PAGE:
eBay, David Jones, Marks & Spencer, catch, Amazon Australia, Target

Economic freedom
‘Free’ (80.9 out of 100) ranked 4th out of 40 Asia-Pacific countries ranked 5th out of 186 countries worldwide (2019, Heritage Foundation and Wall Street Journal)

Global Innovation Index
Ranked 6th out of 39 South-East, East Asia and Oceanian countries, 25th out of 132 worldwide.

The Global Innovation Index captures the innovation
ecosystem performance of 132 economies and tracks the most recent global innovation trends.


Economy data sources: WTO/OEC/CIA/Esomar/Datareportal


Service Imports (2018)

Source: OEC


Service Exports (2018)

Source: OEC


Most Complex Products by PCI

Product Complexity Index measures the knowledge intensity of a product by considering the knowledge intensity of its exporters

Source: OEC


Most Specialised Products by RCA Index

Specialisation is measured using Revealed Comparative Advantage, an index that takes the ratio between Australia observed and expected exports in each product

Source: OEC


Export Opportunities by Relatedness

Specialisation is measured using Revealed Comparative Advantage, an index that takes the ratio between Australia observed and expected exports in each product

Source: OEC


What Australians shop for online

Source: Finder


Media

Media language
English

Information channels
Australia’s media scene is creatively, technologically and economically advanced. There is a tradition of public broadcasting, but privately-owned TV and radio have the biggest audiences.

The ownership of print and broadcast media is concentrated. Leading conglomerates include News Corp Australia, Seven West Media and the merged Fairfax Media-Nine Entertainment group.

The Australian Broadcasting Corporation (ABC) runs national and local public radio and TV. 

The other main public broadcaster is the multilingual Special Broadcasting Service (SBS).

National commercial TV is dominated by three big free-to-air networks. Broadcasters must carry a minimum percentage of Australian-made programmes. Pay TV via cable, satellite and IPTV have a strong foothold.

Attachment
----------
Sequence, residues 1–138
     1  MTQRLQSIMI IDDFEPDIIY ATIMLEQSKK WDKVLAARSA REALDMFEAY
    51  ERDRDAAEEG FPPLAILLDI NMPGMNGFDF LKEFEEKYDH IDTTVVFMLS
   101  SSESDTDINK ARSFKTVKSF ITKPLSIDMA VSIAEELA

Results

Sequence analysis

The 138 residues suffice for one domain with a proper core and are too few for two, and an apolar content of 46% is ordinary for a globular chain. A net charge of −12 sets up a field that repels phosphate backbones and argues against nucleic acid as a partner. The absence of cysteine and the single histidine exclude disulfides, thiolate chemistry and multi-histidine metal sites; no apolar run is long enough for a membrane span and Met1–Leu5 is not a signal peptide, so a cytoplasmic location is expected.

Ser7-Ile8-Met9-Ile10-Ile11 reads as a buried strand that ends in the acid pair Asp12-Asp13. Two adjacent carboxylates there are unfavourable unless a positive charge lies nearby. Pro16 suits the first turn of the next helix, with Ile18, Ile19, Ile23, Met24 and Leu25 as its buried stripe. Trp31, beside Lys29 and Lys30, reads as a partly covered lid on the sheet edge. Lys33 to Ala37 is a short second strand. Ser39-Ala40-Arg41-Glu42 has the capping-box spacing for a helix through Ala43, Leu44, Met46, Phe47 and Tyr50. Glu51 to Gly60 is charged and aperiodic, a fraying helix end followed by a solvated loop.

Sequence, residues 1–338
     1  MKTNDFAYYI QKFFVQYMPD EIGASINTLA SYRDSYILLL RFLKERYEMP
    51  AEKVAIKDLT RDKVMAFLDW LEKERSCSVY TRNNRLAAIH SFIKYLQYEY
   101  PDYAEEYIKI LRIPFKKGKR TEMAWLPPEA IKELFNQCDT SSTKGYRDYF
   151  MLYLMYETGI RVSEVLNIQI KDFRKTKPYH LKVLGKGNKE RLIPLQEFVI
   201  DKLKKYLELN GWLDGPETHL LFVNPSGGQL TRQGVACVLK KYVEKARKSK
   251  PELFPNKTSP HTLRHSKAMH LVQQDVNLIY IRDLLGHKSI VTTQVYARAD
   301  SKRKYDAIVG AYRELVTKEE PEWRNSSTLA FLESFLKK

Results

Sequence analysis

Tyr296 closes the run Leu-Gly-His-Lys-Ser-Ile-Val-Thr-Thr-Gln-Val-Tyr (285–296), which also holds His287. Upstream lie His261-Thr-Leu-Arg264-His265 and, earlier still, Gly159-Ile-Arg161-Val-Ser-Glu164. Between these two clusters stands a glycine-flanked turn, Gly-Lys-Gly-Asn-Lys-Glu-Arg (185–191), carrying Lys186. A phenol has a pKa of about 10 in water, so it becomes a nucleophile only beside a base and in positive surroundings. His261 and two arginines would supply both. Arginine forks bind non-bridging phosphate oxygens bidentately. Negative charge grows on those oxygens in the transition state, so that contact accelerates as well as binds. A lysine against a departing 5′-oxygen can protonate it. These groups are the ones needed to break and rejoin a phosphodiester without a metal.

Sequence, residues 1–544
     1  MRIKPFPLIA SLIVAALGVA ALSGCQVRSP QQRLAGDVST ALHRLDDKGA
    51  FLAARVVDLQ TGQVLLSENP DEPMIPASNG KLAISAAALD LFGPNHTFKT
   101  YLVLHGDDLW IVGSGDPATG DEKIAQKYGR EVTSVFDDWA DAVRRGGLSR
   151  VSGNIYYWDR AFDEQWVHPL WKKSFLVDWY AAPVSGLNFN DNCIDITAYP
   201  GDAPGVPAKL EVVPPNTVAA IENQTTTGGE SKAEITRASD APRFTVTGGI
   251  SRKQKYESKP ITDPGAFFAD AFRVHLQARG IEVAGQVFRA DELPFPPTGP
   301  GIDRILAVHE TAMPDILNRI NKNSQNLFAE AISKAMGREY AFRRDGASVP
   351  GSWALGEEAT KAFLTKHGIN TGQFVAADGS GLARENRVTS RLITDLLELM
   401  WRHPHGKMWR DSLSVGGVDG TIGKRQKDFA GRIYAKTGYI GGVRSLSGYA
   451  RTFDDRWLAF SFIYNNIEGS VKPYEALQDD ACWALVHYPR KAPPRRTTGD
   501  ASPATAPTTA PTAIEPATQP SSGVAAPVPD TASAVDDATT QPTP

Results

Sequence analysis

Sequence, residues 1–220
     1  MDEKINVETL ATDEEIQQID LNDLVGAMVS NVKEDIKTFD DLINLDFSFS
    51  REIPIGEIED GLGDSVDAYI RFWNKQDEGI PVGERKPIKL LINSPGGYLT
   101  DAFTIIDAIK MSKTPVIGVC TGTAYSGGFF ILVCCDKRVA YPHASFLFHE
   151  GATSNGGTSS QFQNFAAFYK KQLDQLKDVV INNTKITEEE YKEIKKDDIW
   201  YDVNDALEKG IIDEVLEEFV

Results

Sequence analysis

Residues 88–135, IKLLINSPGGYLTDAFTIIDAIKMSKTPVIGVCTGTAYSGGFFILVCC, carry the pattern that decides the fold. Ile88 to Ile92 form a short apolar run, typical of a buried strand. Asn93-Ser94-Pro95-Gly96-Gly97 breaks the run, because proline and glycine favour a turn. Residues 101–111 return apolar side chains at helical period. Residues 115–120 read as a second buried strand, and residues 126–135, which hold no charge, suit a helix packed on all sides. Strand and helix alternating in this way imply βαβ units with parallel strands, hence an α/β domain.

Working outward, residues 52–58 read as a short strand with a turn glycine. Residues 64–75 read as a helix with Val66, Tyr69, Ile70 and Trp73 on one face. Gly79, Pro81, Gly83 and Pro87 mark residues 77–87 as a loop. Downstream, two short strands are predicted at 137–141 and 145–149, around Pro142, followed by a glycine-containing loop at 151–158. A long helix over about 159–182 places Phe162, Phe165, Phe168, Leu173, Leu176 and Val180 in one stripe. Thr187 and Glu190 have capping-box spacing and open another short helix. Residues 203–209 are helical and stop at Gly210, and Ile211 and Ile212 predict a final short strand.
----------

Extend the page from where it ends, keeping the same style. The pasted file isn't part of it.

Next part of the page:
Sports, news, game shows, imported and home-made dramas top the TV ratings. 

The industry has successfully exported its productions to English-speaking markets overseas.

Media freedom watchdog Reporters Without Borders says tough defamation legislation, anti-terrorism laws and national security have reduced the space for “demanding investigative journalism”.

Value of the newspaper market in Australia 2.62 billion USD

Digital readership of magazines in Australia: 6,058 thousands

Print readership of Magazines in Australia 13,648 thousands

Share of consumers who pay for printed newspaper in Australia by age

  • Over 35: 40%
  • Under 35: 40%

The press

The Sydney Morning Herald – daily
Herald Sun – Melbourne-based daily
The Australian – national daily
The Daily Telegraph – Sydney-based daily
The Courier-Mail – Brisbane-based daily
The West Australian – Perth-based daily
The Age – Melbourne-based daily
The Advertiser – Adelaide-based daily
Australian Financial Review – business daily

Television

ABC – national, public
ABC News – ABC’s 24-hour news TV
SBS TV – public, multilingual
Seven Network – national, commercial
Nine Network – national, commercial
Network Ten – national, commercial
Sky News Australia – satellite/cable news network, owned by News Corp Australia
Foxtel – pay TV, owned by News Corp Australia and Telstra

Radio

ABC – public, operates speech-cultural network Radio National, ABC NewsRadio, youth network Triple J, ABC Classic FM and local services
Radio Australia – ABC external service, serves Asia-Pacific
SBS Radio-public, multilingual
Commercial Radio Australia
– industry organisation

News agency

AAPAustralian Associated Press


Readership in thousands by newspaper by day

Media data source: BBC


Internet Data

Internet users
88% penetration, 22.31 million

Share of web traffic by device
47.5% mobile phones, 45.3% computers (laptops and desktops),7.1% tablet devices and 0.1% other devices

Number of smartphone users
16,69m

Average speed of fixed Internet connection